There is a societal expectation that women want to take care of everything, and some women do, and they are amazing at it, but it's certainly not true for every woman. But as people are being raised without that expectation, this can fall to men.
Women are given more parental leave when they have a child, which sucks for men. Which furthers that stigma. We are the only industrialized country without paid family leave.
The Family Medical Leave Act really only holds your job for you it doesn't mean you get paid during that time off.
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Evil vs Awesome: Subscription Boxes
- Too Expensive
- Great for convenience
- Awesome if you can afford it
Overall: Awesome, if you can afford it.
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When Women Make More
Specifically when women make more than their partners or the societal expectations of being a single women and not relying on a man/partner.
Melissa's crazy stat: The Urban Institute, using Social Security earnings data, found that the typical wife earns about 50 percent of what her husband does across their working lives. Whaaaat? Do you think that will be true for the Millennial generation based on your experience among friends/Millennial coworkers?
Will this be true for millennials?
Liz: I really fucking hope not.
In the past, a man would get the promotion or raise because he had a family to support rather than a woman who needs to be able to support herself.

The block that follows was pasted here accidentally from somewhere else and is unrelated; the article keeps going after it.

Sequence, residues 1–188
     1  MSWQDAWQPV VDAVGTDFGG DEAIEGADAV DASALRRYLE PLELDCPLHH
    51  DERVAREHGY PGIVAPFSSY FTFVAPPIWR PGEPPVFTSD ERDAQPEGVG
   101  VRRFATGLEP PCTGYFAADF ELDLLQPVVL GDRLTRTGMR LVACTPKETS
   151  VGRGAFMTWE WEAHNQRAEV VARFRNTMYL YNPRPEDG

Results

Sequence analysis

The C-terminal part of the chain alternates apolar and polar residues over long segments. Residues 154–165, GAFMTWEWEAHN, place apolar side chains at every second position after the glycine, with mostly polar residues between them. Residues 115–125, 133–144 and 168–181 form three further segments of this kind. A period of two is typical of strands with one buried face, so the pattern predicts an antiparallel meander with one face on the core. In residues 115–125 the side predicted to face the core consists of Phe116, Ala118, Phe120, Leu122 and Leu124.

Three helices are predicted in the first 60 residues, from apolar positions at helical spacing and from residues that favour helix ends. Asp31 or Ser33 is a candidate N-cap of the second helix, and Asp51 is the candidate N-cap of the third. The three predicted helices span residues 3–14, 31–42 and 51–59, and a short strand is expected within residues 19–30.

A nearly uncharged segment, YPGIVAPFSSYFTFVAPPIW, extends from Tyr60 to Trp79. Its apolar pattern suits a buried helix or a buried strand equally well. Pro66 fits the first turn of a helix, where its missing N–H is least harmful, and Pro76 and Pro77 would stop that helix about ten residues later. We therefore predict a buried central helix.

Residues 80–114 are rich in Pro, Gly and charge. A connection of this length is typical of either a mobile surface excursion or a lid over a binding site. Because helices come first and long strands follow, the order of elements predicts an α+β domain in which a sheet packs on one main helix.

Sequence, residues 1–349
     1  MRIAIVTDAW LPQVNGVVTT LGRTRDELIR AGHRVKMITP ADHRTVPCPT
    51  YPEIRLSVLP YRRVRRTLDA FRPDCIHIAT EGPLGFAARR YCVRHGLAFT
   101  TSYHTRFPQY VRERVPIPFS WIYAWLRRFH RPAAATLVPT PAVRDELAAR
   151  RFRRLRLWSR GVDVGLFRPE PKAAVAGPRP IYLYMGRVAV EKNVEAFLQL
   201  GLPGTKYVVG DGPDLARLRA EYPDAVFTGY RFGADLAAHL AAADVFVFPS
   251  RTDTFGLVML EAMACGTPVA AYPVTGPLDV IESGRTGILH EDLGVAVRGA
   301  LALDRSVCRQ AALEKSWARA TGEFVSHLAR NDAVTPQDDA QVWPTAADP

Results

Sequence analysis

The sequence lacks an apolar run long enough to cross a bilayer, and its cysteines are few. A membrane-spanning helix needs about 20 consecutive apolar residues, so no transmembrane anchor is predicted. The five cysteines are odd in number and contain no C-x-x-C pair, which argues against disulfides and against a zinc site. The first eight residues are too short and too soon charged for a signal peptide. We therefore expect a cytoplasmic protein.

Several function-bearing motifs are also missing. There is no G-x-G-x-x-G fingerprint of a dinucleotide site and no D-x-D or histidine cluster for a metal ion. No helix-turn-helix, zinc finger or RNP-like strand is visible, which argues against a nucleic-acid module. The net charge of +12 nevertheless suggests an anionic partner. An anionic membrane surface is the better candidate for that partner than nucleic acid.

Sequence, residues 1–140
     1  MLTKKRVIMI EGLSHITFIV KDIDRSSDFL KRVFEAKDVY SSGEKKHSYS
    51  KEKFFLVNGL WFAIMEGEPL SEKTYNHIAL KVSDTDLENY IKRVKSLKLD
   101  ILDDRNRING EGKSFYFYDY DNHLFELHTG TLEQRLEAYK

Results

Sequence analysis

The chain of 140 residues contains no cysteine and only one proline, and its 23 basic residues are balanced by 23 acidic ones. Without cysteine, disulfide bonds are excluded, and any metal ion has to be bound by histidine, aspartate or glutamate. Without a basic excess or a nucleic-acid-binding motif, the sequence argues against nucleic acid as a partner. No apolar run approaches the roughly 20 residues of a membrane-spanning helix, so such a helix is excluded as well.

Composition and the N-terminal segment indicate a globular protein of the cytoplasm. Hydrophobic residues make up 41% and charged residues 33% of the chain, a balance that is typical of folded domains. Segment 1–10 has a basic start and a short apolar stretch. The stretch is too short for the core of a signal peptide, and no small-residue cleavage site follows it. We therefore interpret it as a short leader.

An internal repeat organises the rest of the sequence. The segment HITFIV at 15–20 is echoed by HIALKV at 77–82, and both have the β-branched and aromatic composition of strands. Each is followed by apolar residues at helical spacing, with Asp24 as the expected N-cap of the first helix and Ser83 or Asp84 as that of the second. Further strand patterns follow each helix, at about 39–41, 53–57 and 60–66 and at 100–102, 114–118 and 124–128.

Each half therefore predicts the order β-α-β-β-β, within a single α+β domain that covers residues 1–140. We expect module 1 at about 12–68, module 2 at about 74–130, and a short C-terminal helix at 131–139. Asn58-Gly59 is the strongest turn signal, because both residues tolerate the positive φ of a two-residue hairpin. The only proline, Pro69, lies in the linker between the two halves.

Melissa was pretty sassy at work and is the breadwinner of her house, and fortunately didn't get grief about it.
How much does discrimination and harassment factor into that?
Liz once went into a law firm where every single lawyer was a man, all the women were in secretarial or paralegal roles.
It was assumed that I was Mrs. Stapleton, someone's little wife. I purposely introduced myself as an attorney and from then out was referred to Attorney Stapleton.
I've been called "young lady" by peers or superiors and it was bullshit.
It is up to us.
Liz corrects these things when she comes across them. And will call out when a peer was being inappropriate in addressing me or trying to do my job.
Moving on, Megan Markle who is engaged to Prince Harry and she said that our job isn't to give voices to women, women have voices, it's our job to empower them to use them.
It's about empowering women to use their voices. Time's up on this shit.
For Melissa, she used to be intimidated by older people in general. But one really good thing that helped was getting a higher education, made me confident in what I had to say.
When I became a supervisor, I saw people treat a women differently than her male colleague and so I made a concerted effort to help pump her up.
Evil vs Awesome: Professor Dumbledore
- Could have been more open
- Arrogant in his knowledge of things
- Overall good guy
- Fought off Voldemort
- Did everything with the best intentions
- Excellent wizard
Overall: Mostly awesome
What do you think?
Thanks for joining us!